by Michael Bjerkhoel

Between 1915 and 1924, Alexander, The Man Who Knows, astounded theater audiences, performing feats of mind-reading and psychic prediction that defied explanation. A charismatic showman, Alexander reinvented the psychic act and enjoyed a popularity matched by few, if any, of his contemporaries.

At the height of his career, he sold out theaters across the United States and Canada for weeks at a time, making millions from box office receipts, and from the sale of books, crystal balls, and related merchandise. He traveled the world, and counted among his friends such show-business luminaries as Alexander Pantages, John Considine, Rudolph Valentine, and Clara Bow.

He fended with the Great Houdini, and waged open war with anyone who dared try to debunk him. Dressed in exotic robes, wearing a jeweled turban and holding his trademark gazing globe, Alexander dominated the stage for nearly a decade before retiring in 1924, at the age of 43, the richest man in vaudeville.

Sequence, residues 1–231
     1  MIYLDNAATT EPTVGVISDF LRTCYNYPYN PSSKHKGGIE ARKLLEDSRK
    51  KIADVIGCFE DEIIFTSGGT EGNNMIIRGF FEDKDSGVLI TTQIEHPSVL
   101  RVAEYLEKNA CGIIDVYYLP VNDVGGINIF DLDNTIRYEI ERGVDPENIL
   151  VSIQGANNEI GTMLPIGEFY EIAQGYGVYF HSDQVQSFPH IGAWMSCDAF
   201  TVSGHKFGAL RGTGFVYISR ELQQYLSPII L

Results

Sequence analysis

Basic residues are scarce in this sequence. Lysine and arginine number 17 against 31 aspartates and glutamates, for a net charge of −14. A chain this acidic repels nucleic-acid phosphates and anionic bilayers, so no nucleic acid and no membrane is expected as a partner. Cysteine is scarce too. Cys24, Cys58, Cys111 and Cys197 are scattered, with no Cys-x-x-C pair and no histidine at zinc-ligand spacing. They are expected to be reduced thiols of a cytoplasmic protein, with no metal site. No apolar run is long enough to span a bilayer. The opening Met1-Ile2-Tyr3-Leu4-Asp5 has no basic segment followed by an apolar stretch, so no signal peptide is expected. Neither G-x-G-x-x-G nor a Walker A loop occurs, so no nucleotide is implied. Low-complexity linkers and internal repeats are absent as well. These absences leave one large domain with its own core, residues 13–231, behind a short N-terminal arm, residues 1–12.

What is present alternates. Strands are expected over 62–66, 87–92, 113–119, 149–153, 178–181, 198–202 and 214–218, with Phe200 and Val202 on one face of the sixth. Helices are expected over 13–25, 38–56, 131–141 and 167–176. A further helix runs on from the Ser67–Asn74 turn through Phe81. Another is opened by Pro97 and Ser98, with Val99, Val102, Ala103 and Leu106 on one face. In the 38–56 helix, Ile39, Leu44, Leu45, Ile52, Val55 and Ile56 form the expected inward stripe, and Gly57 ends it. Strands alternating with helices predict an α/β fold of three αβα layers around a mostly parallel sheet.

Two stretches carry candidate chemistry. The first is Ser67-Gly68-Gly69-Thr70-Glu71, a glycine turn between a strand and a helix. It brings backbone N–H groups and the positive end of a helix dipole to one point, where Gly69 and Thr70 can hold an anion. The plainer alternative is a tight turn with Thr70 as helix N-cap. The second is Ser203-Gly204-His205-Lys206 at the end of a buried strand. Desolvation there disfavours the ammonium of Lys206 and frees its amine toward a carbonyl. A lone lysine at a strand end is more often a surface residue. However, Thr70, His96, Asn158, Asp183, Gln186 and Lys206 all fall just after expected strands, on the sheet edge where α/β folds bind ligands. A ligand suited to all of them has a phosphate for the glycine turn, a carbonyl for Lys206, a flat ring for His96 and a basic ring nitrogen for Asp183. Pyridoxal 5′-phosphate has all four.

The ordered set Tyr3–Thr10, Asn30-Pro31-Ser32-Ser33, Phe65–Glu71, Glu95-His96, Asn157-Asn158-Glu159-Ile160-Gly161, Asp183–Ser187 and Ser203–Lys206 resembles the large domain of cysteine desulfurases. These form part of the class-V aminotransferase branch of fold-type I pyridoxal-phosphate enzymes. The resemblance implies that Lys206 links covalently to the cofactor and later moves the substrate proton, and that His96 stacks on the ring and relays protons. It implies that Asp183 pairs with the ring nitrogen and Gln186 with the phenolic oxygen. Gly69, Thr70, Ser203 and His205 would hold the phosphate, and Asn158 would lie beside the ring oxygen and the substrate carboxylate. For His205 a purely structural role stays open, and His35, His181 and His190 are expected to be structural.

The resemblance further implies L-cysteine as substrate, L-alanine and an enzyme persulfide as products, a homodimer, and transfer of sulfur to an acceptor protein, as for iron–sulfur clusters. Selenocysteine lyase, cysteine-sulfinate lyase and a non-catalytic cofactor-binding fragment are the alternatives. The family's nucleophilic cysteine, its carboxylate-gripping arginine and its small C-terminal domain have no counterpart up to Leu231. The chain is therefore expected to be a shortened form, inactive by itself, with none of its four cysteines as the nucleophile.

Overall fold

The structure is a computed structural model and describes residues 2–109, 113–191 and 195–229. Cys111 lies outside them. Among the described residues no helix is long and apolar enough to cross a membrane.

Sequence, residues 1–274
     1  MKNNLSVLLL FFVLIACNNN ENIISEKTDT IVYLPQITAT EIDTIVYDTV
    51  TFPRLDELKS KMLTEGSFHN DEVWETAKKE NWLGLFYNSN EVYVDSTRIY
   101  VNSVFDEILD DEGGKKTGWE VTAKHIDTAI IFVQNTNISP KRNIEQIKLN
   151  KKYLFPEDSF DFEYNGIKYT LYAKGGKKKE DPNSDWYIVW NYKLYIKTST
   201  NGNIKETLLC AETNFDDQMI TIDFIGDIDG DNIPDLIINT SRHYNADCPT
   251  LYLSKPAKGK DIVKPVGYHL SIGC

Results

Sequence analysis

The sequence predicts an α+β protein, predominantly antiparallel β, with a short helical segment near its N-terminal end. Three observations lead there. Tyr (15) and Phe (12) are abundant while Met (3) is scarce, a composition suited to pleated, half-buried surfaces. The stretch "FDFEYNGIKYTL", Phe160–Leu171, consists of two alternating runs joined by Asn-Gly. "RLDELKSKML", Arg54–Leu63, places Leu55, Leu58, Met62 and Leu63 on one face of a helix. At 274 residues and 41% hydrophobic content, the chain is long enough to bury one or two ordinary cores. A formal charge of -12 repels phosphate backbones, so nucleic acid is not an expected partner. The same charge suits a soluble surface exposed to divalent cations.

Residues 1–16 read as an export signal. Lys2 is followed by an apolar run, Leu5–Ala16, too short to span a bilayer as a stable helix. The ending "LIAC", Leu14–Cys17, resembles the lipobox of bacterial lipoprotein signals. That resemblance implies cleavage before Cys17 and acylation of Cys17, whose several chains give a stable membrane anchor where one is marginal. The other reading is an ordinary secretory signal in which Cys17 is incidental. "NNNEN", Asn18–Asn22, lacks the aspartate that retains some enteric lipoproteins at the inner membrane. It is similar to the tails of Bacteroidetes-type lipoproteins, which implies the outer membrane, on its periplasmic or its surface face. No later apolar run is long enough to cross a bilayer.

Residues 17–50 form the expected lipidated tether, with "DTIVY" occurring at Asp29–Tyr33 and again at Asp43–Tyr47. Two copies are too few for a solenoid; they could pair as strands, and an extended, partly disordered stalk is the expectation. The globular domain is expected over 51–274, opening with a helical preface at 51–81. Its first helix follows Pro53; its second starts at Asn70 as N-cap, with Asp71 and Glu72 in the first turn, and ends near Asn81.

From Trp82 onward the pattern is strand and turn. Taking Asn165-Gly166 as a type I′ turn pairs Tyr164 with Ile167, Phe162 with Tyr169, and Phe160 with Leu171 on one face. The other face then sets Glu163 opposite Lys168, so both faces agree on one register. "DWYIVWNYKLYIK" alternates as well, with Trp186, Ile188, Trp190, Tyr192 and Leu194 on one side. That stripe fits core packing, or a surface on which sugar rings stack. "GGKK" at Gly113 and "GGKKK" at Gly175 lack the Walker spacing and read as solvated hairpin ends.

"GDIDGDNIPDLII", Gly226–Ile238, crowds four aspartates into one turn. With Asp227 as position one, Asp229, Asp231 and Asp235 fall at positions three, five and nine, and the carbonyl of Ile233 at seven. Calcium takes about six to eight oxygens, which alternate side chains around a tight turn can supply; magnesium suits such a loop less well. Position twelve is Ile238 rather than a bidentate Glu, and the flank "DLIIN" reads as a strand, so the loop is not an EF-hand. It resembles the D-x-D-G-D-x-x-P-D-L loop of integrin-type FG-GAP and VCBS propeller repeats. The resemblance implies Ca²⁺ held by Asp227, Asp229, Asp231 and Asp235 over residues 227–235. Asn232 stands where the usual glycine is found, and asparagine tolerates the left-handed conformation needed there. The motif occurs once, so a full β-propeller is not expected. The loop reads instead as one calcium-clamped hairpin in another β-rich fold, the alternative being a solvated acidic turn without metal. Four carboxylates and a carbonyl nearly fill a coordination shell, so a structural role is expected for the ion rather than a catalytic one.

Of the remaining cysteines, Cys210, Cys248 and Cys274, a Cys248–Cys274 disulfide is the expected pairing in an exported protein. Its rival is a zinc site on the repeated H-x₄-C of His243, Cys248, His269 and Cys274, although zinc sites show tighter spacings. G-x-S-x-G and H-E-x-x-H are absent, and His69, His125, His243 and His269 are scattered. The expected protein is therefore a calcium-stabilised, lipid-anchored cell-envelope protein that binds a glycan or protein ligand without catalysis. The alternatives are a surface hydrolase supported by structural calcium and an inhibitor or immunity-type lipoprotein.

Yet The Man Who Knows had a dark side as well. He was a perfectionist, obsessed with controlling every aspect of his life and career. Married eleven times, he was a notorious womanizer who cared little about the age or marital status of his conquests.

He was a con-man, arrested numerous times for fraud and blackmail, who once fled the country to avoid prosecution. He drank too much, and while living on the Washigtion coast in the early nineteen-thirties. Local lore strongly suggests he dabbled in bootlegging, some say opium, and possibly the white slave trade. Only one thing is certain - Alexander was a man who lived life by rules of his own making.

Set against the excitement of the vaudeville theater circuit of the teens and twenties, the glamor of early Hollywood, and the rugged beauty of the Pacific north-west, THE MAN WHO KNOWS is a story of magic and mentalism, love and betrayal, wealth and fame. It is the story of a man who blurred the distinction between performer and con-man, who's life was rendered meaningless by his own solipsism. Ultimately, THE MAN WHO KNOWS tells the story of a brilliant performer. A psychic star of the vaudeville stage who could not foresee the likely results of his own selfish actions.